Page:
The analyst should have a standard kit of field test equipment including one or more thickness gages and calibration standards, a knife, a hand lens, and containers for samples. Obviously, he should be well trained in their use and use them systematically, as described elsewhere in this text. A container of methyl ethyl ketone (MEK) or other strong solvent may be useful in either determining paint solubility (e. g., verifying the general paint type or its complete cure) or to strip off a coating to examine the condition of the underlying surface or the thickness of the underlying galvanizing or other insoluble coating. Standard forms for manually recording data or equipment for voice recording are also very useful. A failure analysis checklist can ensure that no important item is overlooked. Obviously, all items on the list may not be important at all times, but to inadvertently skip an important one may be a serious oversight.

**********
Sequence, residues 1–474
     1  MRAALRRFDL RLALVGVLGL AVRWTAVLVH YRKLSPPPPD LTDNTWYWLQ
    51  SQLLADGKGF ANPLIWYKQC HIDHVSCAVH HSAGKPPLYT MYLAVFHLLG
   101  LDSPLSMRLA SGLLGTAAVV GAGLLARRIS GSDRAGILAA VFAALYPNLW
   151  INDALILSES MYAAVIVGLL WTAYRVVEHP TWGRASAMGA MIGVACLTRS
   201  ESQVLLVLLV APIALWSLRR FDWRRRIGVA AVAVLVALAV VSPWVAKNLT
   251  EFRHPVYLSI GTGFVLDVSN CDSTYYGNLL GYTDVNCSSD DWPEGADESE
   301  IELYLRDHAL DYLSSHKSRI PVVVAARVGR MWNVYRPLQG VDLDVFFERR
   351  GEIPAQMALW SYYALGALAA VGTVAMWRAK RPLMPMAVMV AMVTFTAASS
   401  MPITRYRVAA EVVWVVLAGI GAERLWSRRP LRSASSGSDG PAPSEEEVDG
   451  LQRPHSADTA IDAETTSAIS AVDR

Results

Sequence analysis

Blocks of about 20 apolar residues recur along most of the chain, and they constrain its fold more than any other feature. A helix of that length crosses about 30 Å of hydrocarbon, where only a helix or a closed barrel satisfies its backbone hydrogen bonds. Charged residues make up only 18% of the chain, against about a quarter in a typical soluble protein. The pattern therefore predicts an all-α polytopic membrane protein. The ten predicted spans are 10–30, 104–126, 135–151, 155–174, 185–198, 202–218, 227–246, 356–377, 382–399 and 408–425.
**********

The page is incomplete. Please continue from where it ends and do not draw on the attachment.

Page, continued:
11.3.5 On-Site Inspection Techniques. An overall visual analysis should first be made to determine the areas where the deterioration is most extensive and where any apparent deviation from specification may have occurred. This should then be followed by a closer examination as to the specific types of deterioration that may be present.

a) Use of a hand lens may provide information not otherwise visually apparent. All types of failure, including color changes and chalking, should be described fully. For example, does peeling occur between coats or from the substrate? Are blisters broken or filled with water? This detailed information may be necessary for finalizing conclusions as to the type of failure. The terms defined later in this section should be used to describe failures rather than locally used terms that may not be clear to other people. Care must be taken not to come to final conclusions until all the data are analyzed. It is a good practice to state at the inspection site that the final conclusions on causes of failure cannot be made until completion of laboratory testing.